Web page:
Reporting and investigation of serious adverse events and reactions associated with tissue and cell transplantation is a fundamental aspect of ensuring adequate levels of safety and quality and is a requirement of the European Union Directives on tissues and cells. In the UK, a system for the reporting and analysis of events and reactions associated with ocular tissue transplantation is well established. It is operated by a network of individuals and organisations, each with clearly defined roles and responsibilities, following written procedures for reporting and investigation. Analysis of reports indicates that the most important adverse reactions associated with this type of tissue transplantation are endophthalmitis (0.58%) and primary graft failure (0.3%). This system allows the analysis of all types of events and reactions by the professionals involved so that trends can be identified and services improved. Tools to evaluate the severity and imputability of individual events or reactions, such as those developed by the EUSTITE project, can be utilised to facilitate the selection of those cases meeting the criteria for reporting to the Competent Authority. This vigilance model has been shown to be effective and could be applied in other fields of tissue or cell transplantation. © 2009 Springer Science+Business Media B.V. Source
Lombardini L.,Italian National Transplant Center |
Bosi A.,University of Florence |
Grosz S.,FH Campus Wien, University of Applied Sciences |
Pamphilon D.,Jacie Executive Committee |
And 6 more authors.
Vox Sanguinis | Year: 2013
There have been great advances over the last decades in haematopoietic stem cell (HSC) transplantation, using either bone marrow, peripheral blood or cord blood-derived stem cells. The coming into force of the European legislation on tissues and cells and the consequent transposition of Directives into national laws have required the health authorities in the Member States (MS) and the scientific societies to review the transplantation activities to ensure the circulation of safe HSC products. Here, the regulatory inspection process performed by the Competent Authorities and the professional voluntary accreditation process of the Transplant Programmes active in Italy is compared. © 2013 International Society of Blood Transfusion. Source
Mazzoni D.,University of Bologna |
Cicognani E.,University of Bologna |
Mosconi G.,Nephrology and Dialysis Unit |
Totti V.,Nonprofit Foundation for the Advancement of Organ and Tissue Transplantation |
And 3 more authors.
Transplantation Proceedings | Year: 2014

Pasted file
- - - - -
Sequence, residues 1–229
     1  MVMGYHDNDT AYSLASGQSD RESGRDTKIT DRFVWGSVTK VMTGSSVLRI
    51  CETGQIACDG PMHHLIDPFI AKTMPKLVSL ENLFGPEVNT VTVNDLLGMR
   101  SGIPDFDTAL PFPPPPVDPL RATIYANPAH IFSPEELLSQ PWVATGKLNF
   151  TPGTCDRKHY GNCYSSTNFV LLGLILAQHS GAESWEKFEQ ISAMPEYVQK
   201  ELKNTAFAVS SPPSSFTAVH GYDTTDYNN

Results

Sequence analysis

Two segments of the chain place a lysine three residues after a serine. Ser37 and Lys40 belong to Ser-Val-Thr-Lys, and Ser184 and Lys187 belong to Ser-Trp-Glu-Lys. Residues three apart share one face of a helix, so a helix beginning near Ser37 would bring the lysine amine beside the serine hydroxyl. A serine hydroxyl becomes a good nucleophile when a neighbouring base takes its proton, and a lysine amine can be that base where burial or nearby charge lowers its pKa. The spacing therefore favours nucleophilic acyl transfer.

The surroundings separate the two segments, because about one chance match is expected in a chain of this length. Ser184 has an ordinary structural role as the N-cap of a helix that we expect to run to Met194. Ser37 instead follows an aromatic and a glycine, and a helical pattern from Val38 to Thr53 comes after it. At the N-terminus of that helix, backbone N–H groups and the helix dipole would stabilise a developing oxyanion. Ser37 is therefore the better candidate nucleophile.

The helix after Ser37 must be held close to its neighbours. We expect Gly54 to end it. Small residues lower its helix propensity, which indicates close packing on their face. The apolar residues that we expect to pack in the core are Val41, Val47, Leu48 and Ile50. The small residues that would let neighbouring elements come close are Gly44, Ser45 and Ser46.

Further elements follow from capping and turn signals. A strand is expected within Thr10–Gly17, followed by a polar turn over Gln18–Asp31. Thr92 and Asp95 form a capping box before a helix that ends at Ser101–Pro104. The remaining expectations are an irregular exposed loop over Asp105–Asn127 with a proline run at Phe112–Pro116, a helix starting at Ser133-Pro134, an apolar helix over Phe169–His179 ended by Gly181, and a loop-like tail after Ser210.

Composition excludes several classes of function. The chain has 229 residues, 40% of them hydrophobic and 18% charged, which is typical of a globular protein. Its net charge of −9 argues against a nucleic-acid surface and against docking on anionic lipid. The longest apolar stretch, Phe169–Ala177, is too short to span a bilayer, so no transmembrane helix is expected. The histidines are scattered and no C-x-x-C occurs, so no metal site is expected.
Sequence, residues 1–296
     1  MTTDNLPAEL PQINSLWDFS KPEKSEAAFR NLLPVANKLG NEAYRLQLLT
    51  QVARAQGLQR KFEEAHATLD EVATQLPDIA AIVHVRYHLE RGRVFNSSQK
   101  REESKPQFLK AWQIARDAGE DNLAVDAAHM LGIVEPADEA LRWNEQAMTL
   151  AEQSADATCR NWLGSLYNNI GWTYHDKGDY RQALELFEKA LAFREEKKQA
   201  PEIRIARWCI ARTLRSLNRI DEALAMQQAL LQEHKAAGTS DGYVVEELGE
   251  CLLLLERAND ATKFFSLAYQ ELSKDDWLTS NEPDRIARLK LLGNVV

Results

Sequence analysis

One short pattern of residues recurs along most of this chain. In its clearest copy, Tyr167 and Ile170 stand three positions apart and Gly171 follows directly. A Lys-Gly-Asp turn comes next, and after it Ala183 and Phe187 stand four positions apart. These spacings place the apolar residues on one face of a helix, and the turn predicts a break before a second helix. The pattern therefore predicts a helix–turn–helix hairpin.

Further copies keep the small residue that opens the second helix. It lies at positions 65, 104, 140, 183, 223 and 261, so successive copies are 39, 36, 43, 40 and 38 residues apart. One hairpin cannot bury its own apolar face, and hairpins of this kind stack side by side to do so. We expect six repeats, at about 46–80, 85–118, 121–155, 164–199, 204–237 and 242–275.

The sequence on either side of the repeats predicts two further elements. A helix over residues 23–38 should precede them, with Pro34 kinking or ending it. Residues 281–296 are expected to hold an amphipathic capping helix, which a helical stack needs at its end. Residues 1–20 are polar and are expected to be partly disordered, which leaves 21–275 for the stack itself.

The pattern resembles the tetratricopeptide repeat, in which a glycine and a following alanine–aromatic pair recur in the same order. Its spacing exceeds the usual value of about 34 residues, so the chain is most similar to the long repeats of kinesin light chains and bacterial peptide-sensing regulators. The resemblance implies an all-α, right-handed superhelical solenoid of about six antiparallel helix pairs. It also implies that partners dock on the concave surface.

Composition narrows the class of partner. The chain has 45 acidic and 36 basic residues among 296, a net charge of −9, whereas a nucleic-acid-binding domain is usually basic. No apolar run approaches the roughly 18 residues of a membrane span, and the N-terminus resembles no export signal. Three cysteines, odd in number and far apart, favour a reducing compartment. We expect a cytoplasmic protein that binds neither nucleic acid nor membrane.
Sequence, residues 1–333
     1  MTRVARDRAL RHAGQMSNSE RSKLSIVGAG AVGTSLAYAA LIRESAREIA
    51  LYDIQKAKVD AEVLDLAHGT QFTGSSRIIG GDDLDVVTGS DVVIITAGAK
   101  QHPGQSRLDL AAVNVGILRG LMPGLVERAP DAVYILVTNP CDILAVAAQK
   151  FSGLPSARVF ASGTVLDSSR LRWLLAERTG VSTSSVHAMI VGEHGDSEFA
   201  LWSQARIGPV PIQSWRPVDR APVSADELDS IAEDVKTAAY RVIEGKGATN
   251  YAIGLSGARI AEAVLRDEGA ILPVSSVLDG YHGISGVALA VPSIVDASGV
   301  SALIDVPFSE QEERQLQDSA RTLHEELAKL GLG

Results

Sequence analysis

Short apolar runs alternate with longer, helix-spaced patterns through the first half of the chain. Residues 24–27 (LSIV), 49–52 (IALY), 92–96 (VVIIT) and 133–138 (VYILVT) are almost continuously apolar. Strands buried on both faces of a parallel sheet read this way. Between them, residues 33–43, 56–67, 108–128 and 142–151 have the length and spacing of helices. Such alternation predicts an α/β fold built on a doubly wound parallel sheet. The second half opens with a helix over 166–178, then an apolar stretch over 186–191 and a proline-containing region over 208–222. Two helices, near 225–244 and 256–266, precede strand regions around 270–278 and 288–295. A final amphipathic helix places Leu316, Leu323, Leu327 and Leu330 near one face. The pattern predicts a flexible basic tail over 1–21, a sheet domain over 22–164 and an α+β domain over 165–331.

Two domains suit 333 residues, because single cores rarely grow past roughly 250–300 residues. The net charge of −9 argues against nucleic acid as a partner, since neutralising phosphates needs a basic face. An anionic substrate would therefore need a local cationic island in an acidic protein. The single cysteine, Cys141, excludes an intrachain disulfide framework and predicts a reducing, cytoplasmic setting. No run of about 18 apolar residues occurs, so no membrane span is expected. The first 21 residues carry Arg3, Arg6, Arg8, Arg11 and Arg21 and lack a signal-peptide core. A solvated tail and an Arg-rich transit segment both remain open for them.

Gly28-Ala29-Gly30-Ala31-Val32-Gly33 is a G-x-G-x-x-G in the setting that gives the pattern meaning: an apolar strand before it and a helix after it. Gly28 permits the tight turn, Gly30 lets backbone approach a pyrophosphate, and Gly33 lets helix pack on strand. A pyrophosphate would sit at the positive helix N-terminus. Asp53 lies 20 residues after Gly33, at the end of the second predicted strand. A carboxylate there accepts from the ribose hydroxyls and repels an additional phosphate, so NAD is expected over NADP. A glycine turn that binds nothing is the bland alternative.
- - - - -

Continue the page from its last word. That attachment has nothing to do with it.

Objective Considering the importance of sport activity for enhancing quality of life, the aim of this study was to investigate the effects of regular sport activity on quality of life of kidney transplant recipients.Methods Health-related quality of life (HRQoL) was assessed with the use of the SF-36 questionnaire on a group of 118 active kidney transplant patients (AKTPs) practicing different sports at low to moderate intensity (5 ± 4 h/wk). Scores were compared with those of 79 sedentary kidney transplant patients (SKTPs) and with 120 active healthy control subjects (AHCs).Results AKTPs reported higher scores than SKTPs in the SF-36 scales of Physical Functioning (P <.05), Role Limitations due to Physical Problems (P <.05), General Health (P <.01), Vitality (P <.05), Social Functioning (P <.05), Role Limitations due to Emotional Problems (P <.05), and Mental Health (P <.01). AKTPs obtained higher scores than AHCs on the Mental Health (P <.01) and Social Functioning scales (P <.01) and similar scores (P >.05) on all the other scales. The effect of quantity of sport activity was significant on the General Health (P <.01; η2 = 0.05), and Role Physical scales (P =.04; η2 = 0.03), with higher sport activity associated with higher HRQoL. The effect of sex was significant for Bodily Pain (P =.05; η2 = 0.02), Vitality (P =.08; η2 = 0.06), Social Functioning (P =.08; η2 = 0.05), and Mental Health (P =.05; η2 = 0.02), with male participants scoring higher than female participants.Conclusions This study indicates that regular sport activity significantly improves different dimensions of HRQoL among kidney transplant recipients. The benefits of sport activity go beyond its impact on physical health to involve psychologic and social components of quality of life. Spontaneous and low to moderate sport activity may play an important role after kidney transplantation that has been largely underestimated in the literature. © 2014 Elsevier Inc. All rights reserved. Source